The Global Burden of Disease Studies of 2010 later confirmed that of the order of 4 million people, the majority women and children, suffer serious disability and die prematurely every year from exposure to high levels of biomass smoke caused by indoor cooking over open fires. 

The World Bank East Asia and Pacific Region invited members of our team to design a demonstration project in the Lao PDR to test proof of concept that cleaner burning cookstoves and improved ventilation could be a cost-effective means of reducing the burden of disease in the developing countries where cooking with solid fuels was still widely practiced. 

Why Lao PDR? The Global Burden of Disease assessment for Laos show that household air pollution is the largest cause of death and disability in Laos where persistently over 90% of the population cook on crude wood and charcoal burning stoves or over open fires indoors. Super clean forced draft “gasifier” stoves or very high efficiency natural draft stoves are now commercially available at scale, creating an opportunity to dramatically improve child and maternal health in Laos and similarly afflicted communities while creating a salable health product.

Professor Kirk Smith and colleagues at University of California, Berkeley, developed analytical tools to determine the cost effectiveness of clean stove adoption as a means of reducing the burden of disease. These were applied in the Laos study and results demonstrated the economic viability of cleaner cooking to reduce the burden of disease from exposure to toxic particulate matter (PM 2.5) from smoke inhalation. 

We have now partnered with the Gold Standard to sponsor a Gold Standard methodology to verify improved health outcomes from cleaner cooking and improved kitchen ventilation using the metric of Averted Disability Adjusted Life Years (ADALYs). The final draft of this methodology was presented for public review and comment in October 2016 with a view to publication in December 2016. We will adapt an existing, well tested process of third-party verification used for improved cookstoves under the UN’s Clean Development Mechanism (CDM). We will use this process for verifying the extent to which a stove cuts down on household air pollution.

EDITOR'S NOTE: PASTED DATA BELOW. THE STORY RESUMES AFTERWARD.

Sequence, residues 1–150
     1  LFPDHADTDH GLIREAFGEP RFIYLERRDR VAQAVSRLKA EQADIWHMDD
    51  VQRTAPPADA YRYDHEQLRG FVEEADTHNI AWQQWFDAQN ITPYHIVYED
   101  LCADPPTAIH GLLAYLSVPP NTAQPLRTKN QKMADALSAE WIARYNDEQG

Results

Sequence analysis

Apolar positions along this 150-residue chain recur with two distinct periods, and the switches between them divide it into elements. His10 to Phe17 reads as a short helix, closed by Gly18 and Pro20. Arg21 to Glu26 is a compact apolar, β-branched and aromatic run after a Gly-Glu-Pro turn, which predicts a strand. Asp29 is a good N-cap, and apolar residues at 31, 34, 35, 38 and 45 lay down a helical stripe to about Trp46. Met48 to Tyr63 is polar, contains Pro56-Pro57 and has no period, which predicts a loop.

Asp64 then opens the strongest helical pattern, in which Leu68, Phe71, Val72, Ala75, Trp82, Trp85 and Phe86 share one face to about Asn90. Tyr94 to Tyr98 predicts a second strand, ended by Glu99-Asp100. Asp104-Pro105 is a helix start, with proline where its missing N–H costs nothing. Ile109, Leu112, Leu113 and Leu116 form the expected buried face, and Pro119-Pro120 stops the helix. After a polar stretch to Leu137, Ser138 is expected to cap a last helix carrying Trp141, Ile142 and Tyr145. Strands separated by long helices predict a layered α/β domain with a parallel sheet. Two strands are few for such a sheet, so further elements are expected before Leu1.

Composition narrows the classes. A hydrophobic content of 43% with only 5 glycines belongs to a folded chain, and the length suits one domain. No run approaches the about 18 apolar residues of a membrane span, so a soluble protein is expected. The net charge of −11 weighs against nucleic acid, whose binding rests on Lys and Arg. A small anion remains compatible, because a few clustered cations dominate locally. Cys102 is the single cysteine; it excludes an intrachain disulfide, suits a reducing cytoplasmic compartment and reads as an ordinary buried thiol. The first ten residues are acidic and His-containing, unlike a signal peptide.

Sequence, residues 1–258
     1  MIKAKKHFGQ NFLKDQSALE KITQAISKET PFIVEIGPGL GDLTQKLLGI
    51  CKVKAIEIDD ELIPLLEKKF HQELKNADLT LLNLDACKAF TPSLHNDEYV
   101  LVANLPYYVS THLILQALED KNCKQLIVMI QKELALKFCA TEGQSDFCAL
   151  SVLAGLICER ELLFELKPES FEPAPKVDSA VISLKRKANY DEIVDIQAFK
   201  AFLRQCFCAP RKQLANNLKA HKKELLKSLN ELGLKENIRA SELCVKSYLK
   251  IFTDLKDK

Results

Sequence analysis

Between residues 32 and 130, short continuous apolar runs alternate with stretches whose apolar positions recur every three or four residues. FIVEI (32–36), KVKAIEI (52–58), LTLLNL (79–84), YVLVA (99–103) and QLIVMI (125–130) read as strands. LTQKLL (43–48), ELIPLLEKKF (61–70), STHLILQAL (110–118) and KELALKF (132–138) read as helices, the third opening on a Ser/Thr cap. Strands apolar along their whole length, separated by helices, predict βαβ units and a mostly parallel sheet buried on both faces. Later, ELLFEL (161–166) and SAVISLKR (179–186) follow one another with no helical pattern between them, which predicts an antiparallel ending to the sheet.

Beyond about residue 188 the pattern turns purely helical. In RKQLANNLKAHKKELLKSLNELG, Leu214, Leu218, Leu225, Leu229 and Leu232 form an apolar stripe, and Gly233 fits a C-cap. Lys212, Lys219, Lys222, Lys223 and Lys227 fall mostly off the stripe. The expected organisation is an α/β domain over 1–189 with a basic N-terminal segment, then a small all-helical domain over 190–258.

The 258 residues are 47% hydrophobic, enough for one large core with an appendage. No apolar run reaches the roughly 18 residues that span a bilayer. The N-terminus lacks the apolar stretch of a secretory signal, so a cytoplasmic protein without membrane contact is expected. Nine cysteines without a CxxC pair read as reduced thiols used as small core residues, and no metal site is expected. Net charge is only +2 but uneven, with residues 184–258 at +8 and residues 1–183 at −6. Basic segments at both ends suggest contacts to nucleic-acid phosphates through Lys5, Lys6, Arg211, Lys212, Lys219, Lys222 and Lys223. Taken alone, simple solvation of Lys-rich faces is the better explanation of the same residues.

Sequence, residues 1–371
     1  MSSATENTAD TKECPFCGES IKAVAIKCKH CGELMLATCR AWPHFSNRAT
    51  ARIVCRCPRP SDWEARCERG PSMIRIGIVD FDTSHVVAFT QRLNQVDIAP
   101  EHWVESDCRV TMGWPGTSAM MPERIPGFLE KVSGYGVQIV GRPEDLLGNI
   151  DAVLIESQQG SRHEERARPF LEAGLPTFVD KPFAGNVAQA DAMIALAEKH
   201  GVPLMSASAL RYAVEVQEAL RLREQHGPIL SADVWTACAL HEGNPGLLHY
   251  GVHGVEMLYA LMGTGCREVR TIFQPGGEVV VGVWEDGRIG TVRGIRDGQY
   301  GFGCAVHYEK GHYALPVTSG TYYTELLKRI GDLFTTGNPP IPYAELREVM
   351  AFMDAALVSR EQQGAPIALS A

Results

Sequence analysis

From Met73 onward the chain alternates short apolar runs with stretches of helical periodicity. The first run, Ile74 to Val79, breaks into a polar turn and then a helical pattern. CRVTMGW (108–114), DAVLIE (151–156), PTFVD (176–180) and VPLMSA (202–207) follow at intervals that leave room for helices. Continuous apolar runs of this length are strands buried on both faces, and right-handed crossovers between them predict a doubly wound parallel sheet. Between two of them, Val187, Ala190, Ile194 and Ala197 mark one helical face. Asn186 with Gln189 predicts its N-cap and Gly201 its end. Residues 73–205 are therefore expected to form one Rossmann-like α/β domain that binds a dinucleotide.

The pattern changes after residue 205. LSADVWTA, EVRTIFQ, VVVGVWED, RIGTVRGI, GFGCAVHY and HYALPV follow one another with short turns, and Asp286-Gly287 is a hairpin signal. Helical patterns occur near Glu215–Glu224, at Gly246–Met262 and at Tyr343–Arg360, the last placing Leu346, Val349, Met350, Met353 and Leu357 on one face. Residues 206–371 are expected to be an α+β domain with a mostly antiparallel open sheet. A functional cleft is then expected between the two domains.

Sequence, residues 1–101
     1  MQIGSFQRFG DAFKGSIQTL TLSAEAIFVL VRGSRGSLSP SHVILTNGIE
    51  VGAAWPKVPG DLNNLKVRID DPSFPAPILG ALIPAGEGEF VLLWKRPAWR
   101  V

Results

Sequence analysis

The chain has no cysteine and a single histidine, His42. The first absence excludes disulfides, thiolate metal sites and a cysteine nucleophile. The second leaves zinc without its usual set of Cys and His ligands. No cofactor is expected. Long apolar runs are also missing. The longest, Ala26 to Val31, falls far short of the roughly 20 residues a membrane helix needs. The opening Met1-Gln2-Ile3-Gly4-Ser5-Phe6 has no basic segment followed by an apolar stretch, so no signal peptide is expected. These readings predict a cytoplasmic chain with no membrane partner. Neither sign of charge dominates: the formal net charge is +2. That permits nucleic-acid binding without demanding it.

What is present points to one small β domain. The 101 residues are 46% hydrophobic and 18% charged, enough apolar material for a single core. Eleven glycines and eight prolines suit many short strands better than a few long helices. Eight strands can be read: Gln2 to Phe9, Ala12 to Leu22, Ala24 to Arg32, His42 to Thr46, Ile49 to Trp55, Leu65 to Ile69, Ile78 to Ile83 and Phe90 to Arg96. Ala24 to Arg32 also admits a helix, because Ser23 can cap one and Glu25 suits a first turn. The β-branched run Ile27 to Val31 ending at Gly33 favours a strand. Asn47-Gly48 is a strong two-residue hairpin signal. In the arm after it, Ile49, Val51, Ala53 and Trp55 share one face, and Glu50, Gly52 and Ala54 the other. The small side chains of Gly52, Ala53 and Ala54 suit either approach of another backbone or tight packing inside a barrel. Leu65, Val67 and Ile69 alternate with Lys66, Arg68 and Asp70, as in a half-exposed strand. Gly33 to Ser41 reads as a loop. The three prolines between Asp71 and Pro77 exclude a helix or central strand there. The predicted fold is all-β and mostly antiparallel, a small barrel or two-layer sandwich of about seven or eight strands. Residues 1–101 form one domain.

We have developed, funded and are the Coordinating and Managing Entity for a Programme of Activities to market improved charcoal stoves in Haiti, collaborating with Chemonics as part of a contract for an improved cooking technology funded by USAID. The Chemonics partnership extended from 2013-2015, and the CQC designed PoA was registered in 2016. The PoA is focused on improved efficiency charcoal stoves in Port au Prince.

As context:

  • Each stove eliminates about 1.5 to 2.0 tons of CO₂ per year.
  • Haiti loses 10 tons of wood for every ton of charcoal produced for the urban market.
  • 94% of the Haitian population (or 9.2 million people) rely on charcoal or wood for cooking.
  • Haiti has lost 98% of its forests.
  • Haitians spend 20-30% of their income to purchase inefficient charcoal-burning stoves and the charcoal used in them.

Very few of the charcoal stoves that are sold in Haiti last more than a year; many have to be replaced in less than six months. However, the adoption of higher quality improved local and imported charcoal stoves is negligible. On the other hand, the economic, environmental, and social benefits of stoves that are two to three times more efficient than traditional metal braziers are far greater than the difference between what consumers will pay and what it costs a funder to provide them with the best available charcoal cookstoves.